PEEP INTO THE PAST: Remarkable Roman frog is our ‘Object of the Year’

Romano British frog on display at West Stow Anglo Saxon Village ANL-140715-114900001
Romano British frog on display at West Stow Anglo Saxon Village ANL-140715-114900001
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History can sometimes spring to life in unexpected ways – as the arrival at West Stow of this Roman figurine of a frog, found at Wixoe and on loan from Suffolk County Council Archaeological Services, demonstrates.

The frog is copper alloy; small – though not indeed perfectly formed, since it has only four ‘fingers’ instead of the five which it should have (if it is a common frog, Rana temporaria). Nevertheless, it represents a high point in terms of the workmanship which went into producing it; the modelling of the figurine has a fluid realism which is exceptional in Romano-British work of this period. The subject itself is also highly unusual: representations of frogs were not common in the Roman world, and only a few survive. Nothing comparable has been excavated in Britain, and we have to go to Spain or southern France to find anything like it.

So it is both intriguing and frustrating that we can’t be sure what, back in the second century, the frog was made for: it is free standing and small enough to be easily portable, which suggests that it may have been a good luck charm of some kind. Frogs are richly symbolic: they were associated with fertility in the Graeco-Roman world and they have links with transformation, the transition from one phase of life to another. Other suggestions include use as a child’s toy or as a charm to avert evil. Or perhaps all of these; such artefacts could be multi functional. Patterns of wear on the underside indicate that it was frequently moved and set down in different locations, so clearly it was a much travelled and, for someone, much treasured, object.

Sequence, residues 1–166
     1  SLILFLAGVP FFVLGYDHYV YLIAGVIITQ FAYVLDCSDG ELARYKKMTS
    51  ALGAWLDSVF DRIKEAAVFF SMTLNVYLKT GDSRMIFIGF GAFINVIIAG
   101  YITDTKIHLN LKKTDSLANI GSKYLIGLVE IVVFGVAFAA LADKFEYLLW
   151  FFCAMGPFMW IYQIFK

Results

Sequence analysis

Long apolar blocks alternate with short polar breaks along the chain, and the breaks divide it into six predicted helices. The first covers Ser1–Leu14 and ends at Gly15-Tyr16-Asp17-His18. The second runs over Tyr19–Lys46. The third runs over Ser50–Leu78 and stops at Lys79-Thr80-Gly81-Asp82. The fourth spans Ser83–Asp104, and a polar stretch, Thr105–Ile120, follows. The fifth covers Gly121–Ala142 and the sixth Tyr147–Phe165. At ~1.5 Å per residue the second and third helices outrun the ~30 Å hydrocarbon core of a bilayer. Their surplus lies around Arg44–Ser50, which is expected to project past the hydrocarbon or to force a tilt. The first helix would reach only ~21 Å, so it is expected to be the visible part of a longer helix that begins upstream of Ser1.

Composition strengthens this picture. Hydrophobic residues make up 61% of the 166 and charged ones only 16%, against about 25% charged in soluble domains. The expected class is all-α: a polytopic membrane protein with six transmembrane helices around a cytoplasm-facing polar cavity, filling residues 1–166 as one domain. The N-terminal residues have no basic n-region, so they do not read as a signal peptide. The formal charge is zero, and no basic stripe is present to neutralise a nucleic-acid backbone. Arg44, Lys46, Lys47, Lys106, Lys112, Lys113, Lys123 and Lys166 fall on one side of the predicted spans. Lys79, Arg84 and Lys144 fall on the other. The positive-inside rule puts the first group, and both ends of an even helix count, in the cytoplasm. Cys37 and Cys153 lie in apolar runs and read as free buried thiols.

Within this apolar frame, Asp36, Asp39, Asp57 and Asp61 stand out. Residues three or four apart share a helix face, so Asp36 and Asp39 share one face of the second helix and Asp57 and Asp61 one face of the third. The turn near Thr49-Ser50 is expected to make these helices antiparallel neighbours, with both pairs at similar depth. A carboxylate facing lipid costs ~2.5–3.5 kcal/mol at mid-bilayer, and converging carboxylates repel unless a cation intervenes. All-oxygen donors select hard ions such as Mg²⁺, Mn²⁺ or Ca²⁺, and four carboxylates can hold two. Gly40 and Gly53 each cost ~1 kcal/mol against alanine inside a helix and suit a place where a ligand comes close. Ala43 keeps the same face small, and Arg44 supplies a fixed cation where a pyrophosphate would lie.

Whoever that person was, and whatever purpose this little figurine served, it testifies to one thing which remains constant: the importance that people attached, then as now, to observing the life of the world around them and capturing it in artistic form. The fact that they were ready to put so much skill and effort into the recreation of such a small piece of that world, and captured it so successfully, tells us much about them; it brings them closer to us than any monumental sculpture could. Those missing fingers apart, this little frog is so beautifully observed, that we almost expect it to spring into action at any moment. As indeed, in a way, it does. It jumps out at us; out of the past and into our present, a reminder that it is the small, commonplace things which go to make up the texture of daily living; which bring the past to life, and which show that people – as well as frogs – in Britain two thousand years ago were not after all so very different.

The frog, which is our nomination for the Suffolk Museums’ ‘Object of the Year’ award, can be seen at West Stow Anglo Saxon Village.

You can vote for the frog on the Suffolk museums website during August and September: